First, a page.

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The Purvis Family Genealogy Pages John Purvis

The Purvis Family

Revised March 2002

The names Purvis and Purves (and similar) are possibly derived from the Old French word Porveor (Latin: Providere) meaning to furnish supplies. In mediaeval times the Porveor was an officer in royal and noble households and in hospitals, convents and monasteries. The equivalent French surname is Pourveer.

Early references to the family include William Purveys and Sir Archibald of Douglas making a joint grant to the monks of Melrose Abbey, Melrose, Roxburghshire, Scotland (1214-49). In 1296 William Porveys of Peebleshire and William Pourays of Berwickshire, Scotland rendered homage to the English crown and had their estates restored. Gilbert Purveys was living (1400) in London, England. William Purevore was on an inquest in 1408. Andrew Purves was Rector of Kymel, ? England, in 1435. The will of John Parvayss, who died in 1445, is on file in Kent, England.

George Pervice and James Purvis were property taxpayers in North Carolina, U.S.A. (1757-69). Three men of the spelling Purvis served as officers in the American Revolutionary Army. The 1790 US census lists one or more Pervess, Pervis, Purvice and Purvis in Virginia, North Carolina, South Carolina and Pennsylvania. (From columns by John C. Downing in Richmond, Virginia newspaper (November 1989)). In 1684, John Purvis, who was a ship's captain and merchant based in London, England, and who traded regularly with the American colonies, arranged the printing of A Complete Collection of all the Laws of Virginia in Force... Copied from the Assembly Records, which he distributed in Virginia. This became a standard reference work, despite being repudiated by Governor Culpeper in April 1684 as being published without license. (See The Chesapeake in the Seventeenth Century, an essay in Cultures of Print by David D. Hall (University of Massachusetts Press 1996)). William Purvis of Fordell, Dumfermline, Fife, Scotland, stood as witness in 1569 and 1580 in court cases concerning that estate.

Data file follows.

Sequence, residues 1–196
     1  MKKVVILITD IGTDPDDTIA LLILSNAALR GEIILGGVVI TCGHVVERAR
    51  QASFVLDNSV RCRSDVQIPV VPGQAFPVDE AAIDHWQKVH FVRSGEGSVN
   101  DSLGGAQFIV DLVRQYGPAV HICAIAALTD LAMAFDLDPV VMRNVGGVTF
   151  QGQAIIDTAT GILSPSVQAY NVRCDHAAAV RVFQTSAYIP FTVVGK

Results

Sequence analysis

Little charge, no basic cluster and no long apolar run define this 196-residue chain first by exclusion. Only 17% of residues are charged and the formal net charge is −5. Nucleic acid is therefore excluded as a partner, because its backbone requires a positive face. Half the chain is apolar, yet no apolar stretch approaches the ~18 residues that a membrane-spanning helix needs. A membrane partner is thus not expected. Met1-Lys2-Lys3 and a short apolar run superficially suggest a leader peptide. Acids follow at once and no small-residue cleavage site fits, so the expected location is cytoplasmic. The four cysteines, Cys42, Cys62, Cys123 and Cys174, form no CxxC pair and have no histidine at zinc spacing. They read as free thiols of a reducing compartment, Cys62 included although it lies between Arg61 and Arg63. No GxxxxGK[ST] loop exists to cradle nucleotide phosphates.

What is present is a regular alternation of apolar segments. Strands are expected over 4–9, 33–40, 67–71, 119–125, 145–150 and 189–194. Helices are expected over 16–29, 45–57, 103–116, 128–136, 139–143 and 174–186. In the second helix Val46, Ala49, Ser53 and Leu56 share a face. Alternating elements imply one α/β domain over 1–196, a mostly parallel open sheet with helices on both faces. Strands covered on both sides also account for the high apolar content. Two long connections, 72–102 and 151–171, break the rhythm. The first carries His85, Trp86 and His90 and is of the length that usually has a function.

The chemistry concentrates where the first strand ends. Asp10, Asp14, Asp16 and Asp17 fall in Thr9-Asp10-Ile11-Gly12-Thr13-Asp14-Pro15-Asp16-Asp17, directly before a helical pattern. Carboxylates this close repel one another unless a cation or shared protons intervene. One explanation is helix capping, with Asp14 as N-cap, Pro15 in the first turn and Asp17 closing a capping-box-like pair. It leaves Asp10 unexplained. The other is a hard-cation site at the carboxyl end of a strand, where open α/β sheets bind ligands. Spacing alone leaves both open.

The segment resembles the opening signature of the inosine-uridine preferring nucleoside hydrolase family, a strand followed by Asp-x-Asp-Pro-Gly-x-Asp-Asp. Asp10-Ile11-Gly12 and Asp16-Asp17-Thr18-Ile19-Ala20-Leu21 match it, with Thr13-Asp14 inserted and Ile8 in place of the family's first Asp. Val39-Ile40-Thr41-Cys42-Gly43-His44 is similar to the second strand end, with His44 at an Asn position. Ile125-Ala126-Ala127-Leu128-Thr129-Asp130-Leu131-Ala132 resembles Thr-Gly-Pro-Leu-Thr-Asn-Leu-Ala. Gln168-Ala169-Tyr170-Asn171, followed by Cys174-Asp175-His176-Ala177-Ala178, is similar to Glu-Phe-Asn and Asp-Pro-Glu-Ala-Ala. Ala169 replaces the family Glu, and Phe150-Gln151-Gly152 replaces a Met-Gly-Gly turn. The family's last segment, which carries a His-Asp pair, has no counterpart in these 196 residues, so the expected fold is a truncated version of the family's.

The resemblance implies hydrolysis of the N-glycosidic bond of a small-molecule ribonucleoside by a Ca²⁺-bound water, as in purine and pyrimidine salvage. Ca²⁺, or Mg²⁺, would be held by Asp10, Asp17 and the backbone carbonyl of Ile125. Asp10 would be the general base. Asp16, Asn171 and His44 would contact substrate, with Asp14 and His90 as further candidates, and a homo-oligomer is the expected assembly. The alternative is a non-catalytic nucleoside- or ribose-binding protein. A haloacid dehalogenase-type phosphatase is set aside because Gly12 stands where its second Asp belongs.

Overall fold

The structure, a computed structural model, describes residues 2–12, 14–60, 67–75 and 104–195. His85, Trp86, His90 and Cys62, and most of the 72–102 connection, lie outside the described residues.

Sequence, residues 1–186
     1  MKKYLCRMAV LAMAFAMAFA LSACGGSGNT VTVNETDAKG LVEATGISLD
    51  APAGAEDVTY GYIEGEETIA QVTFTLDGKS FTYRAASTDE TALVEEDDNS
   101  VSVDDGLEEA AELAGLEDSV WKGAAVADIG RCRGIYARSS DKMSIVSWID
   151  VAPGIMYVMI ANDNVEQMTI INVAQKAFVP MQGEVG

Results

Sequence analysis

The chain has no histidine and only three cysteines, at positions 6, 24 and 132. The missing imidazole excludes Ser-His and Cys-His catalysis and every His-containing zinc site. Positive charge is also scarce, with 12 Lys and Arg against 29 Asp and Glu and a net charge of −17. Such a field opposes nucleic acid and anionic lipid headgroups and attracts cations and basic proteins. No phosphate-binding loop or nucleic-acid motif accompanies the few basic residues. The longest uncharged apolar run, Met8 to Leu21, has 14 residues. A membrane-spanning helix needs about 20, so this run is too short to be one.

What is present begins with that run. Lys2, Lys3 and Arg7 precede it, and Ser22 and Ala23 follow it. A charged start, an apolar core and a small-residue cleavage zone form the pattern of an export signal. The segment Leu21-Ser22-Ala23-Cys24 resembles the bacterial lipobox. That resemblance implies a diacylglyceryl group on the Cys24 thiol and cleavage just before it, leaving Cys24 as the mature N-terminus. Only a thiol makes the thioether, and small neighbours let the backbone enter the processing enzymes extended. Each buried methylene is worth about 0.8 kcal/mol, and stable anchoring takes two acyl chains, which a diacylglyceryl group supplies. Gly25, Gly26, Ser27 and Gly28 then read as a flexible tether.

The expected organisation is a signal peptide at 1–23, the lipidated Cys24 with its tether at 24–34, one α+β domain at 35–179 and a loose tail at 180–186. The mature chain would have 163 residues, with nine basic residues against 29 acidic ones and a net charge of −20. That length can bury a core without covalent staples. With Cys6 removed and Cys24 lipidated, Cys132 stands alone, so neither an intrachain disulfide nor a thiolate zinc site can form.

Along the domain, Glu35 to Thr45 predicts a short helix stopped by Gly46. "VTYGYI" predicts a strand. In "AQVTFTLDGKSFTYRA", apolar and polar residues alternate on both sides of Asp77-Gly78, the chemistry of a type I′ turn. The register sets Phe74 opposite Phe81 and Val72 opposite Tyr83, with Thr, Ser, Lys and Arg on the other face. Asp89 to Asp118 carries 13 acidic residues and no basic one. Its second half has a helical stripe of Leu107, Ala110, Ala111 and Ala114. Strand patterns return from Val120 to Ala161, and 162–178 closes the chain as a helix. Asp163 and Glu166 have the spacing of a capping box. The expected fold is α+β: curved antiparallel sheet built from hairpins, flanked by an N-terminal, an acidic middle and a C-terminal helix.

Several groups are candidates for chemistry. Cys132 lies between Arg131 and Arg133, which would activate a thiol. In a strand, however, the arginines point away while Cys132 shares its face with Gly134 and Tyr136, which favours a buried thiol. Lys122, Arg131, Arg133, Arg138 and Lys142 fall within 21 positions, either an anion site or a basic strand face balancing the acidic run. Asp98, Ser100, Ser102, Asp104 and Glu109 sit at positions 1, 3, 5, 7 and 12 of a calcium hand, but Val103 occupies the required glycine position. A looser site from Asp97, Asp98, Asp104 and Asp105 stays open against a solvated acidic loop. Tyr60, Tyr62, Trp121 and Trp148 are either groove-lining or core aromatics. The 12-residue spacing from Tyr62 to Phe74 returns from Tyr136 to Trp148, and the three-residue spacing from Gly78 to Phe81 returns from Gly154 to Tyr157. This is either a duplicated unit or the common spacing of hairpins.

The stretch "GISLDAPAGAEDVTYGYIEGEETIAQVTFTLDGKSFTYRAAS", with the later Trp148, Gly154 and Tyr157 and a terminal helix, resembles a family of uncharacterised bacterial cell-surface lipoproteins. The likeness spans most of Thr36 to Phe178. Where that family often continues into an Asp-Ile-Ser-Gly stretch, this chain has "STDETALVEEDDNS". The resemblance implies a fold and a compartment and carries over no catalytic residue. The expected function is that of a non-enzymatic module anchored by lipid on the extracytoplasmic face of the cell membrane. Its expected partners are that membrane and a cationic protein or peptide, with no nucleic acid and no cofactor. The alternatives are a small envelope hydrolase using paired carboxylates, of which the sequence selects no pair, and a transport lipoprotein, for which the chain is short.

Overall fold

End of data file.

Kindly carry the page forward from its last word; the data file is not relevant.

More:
This Purvis family is believed to have been in occupation of the farm of New Etal, Parish of Ford, Northumberland, England, for several generations previous to the 18th century. There was evidently an extended Purvis family connected with New Etal and the Ford estate in the latter 18th century, then owned by the Delaval family. The Northumberland Militia List of 1762 names Thomas Purvis (1.3.), Alex Purvis (1.1.1. or 1.3.1.), Joseph Purvis (1.3.2.) son of Thomas, all as husbandmen of New Etal. Also named is William Purvis as Petty Constable, Steads of Etal. In October 1763 Joseph (1.3.2.), son of Thomas, viewed Gatherick Farm with a view to renting it with his father (Delaval papers). In 1783 Thomas Purvis of New Etal unsuccessfully bid 180 p.a. for lease of Crookham Westfield Farm (Delaval papers). In 1791 Mr Purvis of New Etal was considering a subscription of 500 towards the Ford and Lowick turnpike (Delaval papers). References in the Delaval papers to the various Purvis family members are favourable as good tenants, active and industrious people. However, I am not clear how they all related to each other and there may well have been more descendants than I am currently aware of (1999).

Other local references: Ford Forge sold sundries to Mr Purvess of New Etal (28th December 1770), William Purvis of Jedburgh bought 750 pantiles from Ford (September 1771), Alex Purvess bought 10 bolls of oats from Ford Moss (10th April 1773), John Purvess bought 2 tups (rams) from Flodden Farm (13th November 1772). Tombstones in Ford Churchyard concern the deaths of Alexander Purvis of New Etal 9th December 1796 aged 60 years (1.1.1.) and Thomas Purvis, son of Alex of New Etal ?25th February 1797 aged 14 (1.1.1.2.). (Information supplied by Stafford Maples Linsley of the Centre for Continuing Education, Newcastle University, Newcastle-Upon-Tyne (OA.133).

  

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